Another more subtle sign (that could likely be identified by a parent or close caregiver) of childhood mental health struggles that a stranger or even doctor might not see: physical shifts. “When children experience a change in their mental wellbeing, their nervous systems are elevated due to that stress,” Domoney says, noting that “ticks,” unsettled stomachs, a loss or increase in appetite or weight loss or gain can all signal a shift in their brain processes. Changes in their sleep schedule might also signal concern. 

Of course, a changing body is a hallmark of childhood — and depending on what stage of growth they’re in, could be completely normal for development. 

Domoney says it’s important to listen to your gut. “Always trust your instincts and consult a medical professional to investigate when you feel it is warranted,” she recommends. “If nothing is found and you still feel that something is ‘off,’ always trust your gut, and keep asking professionals until you are satisfied that you have found an answer and a way forward that suits [the child in your life].”

6. They’re losing interest in activities they loved just yesterday 

If the child in your life suddenly stops reading their favorite type of novel, or expresses a desire to drop out of a sport they’ve been playing for years, Williams says that a parent or caregiver should take note. “If your child suddenly loses all interest in friendships, clubs, hobbies or life in general, it could be a sign that they are struggling mentally,” Domoney says. 

Of course, the reasons why a child is opting out of a certain activity (especially if it’s sport- or social-related) is important to try to identify. The cause could extend past depression into an issue that being involved in the activity actually caused, like bullying and/or abuse from adults. 

Regardless of the reason why the child is removing themselves from the activity, Domoney says it’s important to approach their withdrawal with empathy. “Meet them where they are, hold space for them, and respond with reassurance, empathy and understanding,” she advises. 

“My husband and I wanted to model the behavior that therapy is an acceptable and valuable way to learn some tools that can make positive changes in our lives.”


7. They’re asking for help

Abigail’s story is a testament to the fact that not all children will hide mental struggles. In many cases (and especially as society becomes progressively less judgmental toward mental health), a child will make it clear they’re facing challenges.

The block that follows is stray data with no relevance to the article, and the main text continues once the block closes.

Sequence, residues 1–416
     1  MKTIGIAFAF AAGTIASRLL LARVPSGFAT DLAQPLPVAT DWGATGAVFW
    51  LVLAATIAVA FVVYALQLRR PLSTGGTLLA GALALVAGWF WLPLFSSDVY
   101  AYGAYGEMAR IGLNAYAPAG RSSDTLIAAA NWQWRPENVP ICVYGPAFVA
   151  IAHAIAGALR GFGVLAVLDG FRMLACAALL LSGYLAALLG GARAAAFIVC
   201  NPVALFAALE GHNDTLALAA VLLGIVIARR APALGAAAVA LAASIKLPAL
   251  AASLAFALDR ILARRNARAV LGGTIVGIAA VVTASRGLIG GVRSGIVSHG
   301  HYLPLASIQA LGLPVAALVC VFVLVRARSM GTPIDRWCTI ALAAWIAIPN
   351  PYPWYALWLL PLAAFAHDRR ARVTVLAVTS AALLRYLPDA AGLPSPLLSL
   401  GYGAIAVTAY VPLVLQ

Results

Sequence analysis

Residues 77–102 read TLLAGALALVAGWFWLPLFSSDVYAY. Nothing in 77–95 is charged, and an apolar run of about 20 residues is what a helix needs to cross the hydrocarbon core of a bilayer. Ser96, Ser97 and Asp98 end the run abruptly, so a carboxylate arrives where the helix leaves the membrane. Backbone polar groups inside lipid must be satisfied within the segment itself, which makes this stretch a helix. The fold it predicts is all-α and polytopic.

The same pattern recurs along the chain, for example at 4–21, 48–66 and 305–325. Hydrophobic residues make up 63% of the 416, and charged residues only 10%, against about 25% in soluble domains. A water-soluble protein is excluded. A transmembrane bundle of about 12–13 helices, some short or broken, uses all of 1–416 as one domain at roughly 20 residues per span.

And in that case, the onus is on a parent or caregiver to act — and self-reflect. 

When Abigail spoke up about wanting to go to therapy, Jennifer and her husband realized the matter was a holistic one. “We wanted to model the behavior that therapy is an acceptable and valuable way to learn some tools that can make positive changes in our lives,” she notes.

She also found that the moment called for her to reflect on her own mental health struggles as a child. “As a teenager, I went to therapy because I needed to deal with the trauma of being in an emotionally abusive relationship,” she explains. But Jennifer’s mom didn’t understand the value of therapy or the concept of patient-therapist confidentiality, and she would grill her after every session. “She was concerned that I was telling my therapist that she was a bad mother and that her failings were the reason I was depressed.”

The experience taught Jennifer to be more open and to take action with her own daughter’s journey. “Parents need to respect therapy and give their children the freedom not to discuss all the details with them,” she says. 

And that trust in the process has its benefits, as Jennifer has witnessed. “Abigail has been in therapy for a couple months, and I have seen such an improvement,” she says, adding that Abigail has plans to trick-or-treat with a new group of friends on Halloween. “She often says, ‘Mom, I think I finally have a nice group of girlfriends,’ and I am so happy that she feels so secure in her new group.”